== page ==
Access to paediatric neurology care is complex, resulting in significant wait times and negative patient outcomes. The goal of the American Academy of Pediatrics National Coordinating Center for Epilepsy's project, Access Improvement and Management of Epilepsy with Telehealth (AIM-ET), was to identify access and management challenges in the deployment of telehealth technology. AIM-ET organised four paediatric neurology teams to partner with primary-care providers (PCP) and their multidisciplinary teams. Telehealth visits were conducted for paediatric epilepsy patients. A post-visit survey assessed access and satisfaction with the telehealth visit compared to an in-person visit. Pre/post surveys completed by PCPs and neurologists captured telehealth visit feasibility, functionality and provider satisfaction. A provider focus group assessed facilitators and barriers to telehealth. Sixty-one unique patients completed 75 telehealth visits. Paired t-test analysis demonstrated that telehealth enhanced access to epilepsy care. It reduced self-reported out-of-pocket costs (p<0.001), missed school hours (p<0.001) and missed work hours (p<0.001), with 94% equal parent/caregiver satisfaction. Focus groups indicated developing and maintaining partnerships, institutional infrastructure and education as facilitators and barriers to telehealth. Telehealth shortened travelling distance, reduced expenses and time missed from school and work. Further, it provides significant opportunity in an era when coronavirus disease 2019 limits in-person clinics.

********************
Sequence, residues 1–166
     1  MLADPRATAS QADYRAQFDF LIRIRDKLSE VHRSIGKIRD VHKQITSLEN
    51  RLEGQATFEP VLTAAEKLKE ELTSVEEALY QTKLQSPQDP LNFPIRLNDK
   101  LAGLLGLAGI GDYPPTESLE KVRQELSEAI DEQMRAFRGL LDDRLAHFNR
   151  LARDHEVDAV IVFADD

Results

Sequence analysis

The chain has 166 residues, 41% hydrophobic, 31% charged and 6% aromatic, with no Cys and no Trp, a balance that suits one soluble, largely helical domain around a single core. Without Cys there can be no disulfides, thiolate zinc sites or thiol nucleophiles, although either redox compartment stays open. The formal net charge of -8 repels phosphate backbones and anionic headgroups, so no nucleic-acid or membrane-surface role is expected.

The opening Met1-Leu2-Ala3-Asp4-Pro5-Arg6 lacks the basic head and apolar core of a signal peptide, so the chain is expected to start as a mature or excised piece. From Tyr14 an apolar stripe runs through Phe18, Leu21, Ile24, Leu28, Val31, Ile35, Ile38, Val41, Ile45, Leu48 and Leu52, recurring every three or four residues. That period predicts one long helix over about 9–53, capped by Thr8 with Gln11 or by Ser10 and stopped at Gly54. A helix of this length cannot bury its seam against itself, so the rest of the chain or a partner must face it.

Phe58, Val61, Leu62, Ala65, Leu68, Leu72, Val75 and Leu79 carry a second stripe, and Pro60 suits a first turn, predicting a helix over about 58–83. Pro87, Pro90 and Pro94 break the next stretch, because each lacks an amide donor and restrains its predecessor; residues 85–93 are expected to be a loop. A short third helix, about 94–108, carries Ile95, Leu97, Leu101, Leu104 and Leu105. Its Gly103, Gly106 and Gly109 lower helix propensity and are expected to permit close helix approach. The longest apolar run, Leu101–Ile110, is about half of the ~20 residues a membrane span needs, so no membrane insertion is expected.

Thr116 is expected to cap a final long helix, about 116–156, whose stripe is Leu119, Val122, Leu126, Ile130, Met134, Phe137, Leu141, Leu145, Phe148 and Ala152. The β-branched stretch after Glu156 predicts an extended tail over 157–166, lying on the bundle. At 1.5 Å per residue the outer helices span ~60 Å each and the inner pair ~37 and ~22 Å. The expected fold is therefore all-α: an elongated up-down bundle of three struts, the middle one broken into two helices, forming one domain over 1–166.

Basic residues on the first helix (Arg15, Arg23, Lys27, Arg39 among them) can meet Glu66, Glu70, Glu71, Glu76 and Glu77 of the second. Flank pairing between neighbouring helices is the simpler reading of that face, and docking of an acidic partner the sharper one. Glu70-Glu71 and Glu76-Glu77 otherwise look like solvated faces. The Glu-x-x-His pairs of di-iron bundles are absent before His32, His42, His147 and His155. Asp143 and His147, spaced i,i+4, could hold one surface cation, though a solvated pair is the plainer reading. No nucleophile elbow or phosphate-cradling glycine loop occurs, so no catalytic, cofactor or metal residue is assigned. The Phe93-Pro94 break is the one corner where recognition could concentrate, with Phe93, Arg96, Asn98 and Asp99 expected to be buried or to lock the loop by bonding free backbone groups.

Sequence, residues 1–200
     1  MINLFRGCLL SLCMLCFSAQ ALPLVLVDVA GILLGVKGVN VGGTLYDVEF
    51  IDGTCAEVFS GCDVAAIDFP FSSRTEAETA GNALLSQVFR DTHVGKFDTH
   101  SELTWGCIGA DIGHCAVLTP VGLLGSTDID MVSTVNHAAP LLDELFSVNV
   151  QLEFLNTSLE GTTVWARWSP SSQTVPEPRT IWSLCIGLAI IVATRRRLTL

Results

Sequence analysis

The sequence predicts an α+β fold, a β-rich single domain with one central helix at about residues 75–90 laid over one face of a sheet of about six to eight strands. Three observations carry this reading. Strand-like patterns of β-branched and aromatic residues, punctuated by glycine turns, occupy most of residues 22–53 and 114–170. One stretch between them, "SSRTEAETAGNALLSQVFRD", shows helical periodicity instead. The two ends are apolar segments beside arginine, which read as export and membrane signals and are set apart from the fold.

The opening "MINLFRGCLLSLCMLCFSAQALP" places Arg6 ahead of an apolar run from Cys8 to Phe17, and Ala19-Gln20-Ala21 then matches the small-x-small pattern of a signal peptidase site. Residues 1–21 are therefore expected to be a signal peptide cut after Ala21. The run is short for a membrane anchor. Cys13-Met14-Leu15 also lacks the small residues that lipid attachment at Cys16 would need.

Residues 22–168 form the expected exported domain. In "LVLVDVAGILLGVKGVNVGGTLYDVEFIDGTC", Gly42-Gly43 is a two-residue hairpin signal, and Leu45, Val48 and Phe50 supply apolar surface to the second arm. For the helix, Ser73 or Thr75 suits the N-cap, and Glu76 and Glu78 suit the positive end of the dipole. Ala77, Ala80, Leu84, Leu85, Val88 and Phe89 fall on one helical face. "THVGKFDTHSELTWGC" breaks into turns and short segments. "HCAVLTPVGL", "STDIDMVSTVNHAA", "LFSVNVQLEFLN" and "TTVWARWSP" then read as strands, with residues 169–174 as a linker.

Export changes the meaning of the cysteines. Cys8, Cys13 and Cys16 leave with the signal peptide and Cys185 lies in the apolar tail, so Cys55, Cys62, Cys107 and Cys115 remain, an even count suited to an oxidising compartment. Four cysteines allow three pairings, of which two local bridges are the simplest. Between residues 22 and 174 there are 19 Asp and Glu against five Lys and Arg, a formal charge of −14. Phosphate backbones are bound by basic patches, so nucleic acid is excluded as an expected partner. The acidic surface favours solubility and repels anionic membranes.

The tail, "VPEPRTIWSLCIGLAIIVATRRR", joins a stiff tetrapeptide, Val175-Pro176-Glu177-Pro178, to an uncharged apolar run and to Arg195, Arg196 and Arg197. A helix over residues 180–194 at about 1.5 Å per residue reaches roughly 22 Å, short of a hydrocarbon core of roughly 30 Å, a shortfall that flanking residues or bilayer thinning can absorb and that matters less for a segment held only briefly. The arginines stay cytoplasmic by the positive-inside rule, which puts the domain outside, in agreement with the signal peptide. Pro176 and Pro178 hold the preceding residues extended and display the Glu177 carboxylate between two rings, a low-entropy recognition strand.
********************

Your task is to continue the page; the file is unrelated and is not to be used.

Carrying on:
View details for DOI 10.1177/1357633X20969531

    View details for PubMedID 33183129

  • Sarnat Grading Scale for Neonatal Encephalopathy after 45 Years: An Update Proposal. Pediatric neurology Sarnat, H. B., Flores-Sarnat, L., Fajardo, C., Leijser, L. M., Wusthoff, C., Mohammad, K. 2020; 113: 75–79
  • Parent experience of caring for neonates with seizures. Archives of disease in childhood. Fetal and neonatal edition Lemmon, M., Glass, H., Shellhaas, R. A., Barks, M. C., Bailey, B., Grant, K., Grossbauer, L., Pawlowski, K., Wusthoff, C. J., Chang, T., Soul, J., Chu, C. J., Thomas, C., Massey, S. L., Abend, N. S., Rogers, E. E., Franck, L. S., Neonatal Seizure Registry, Annis, D., Barako, T., Barnes, M., Brown, C., Contreras, K., Guerriero, J., Hill, L., Long, T., Ma, G. 2020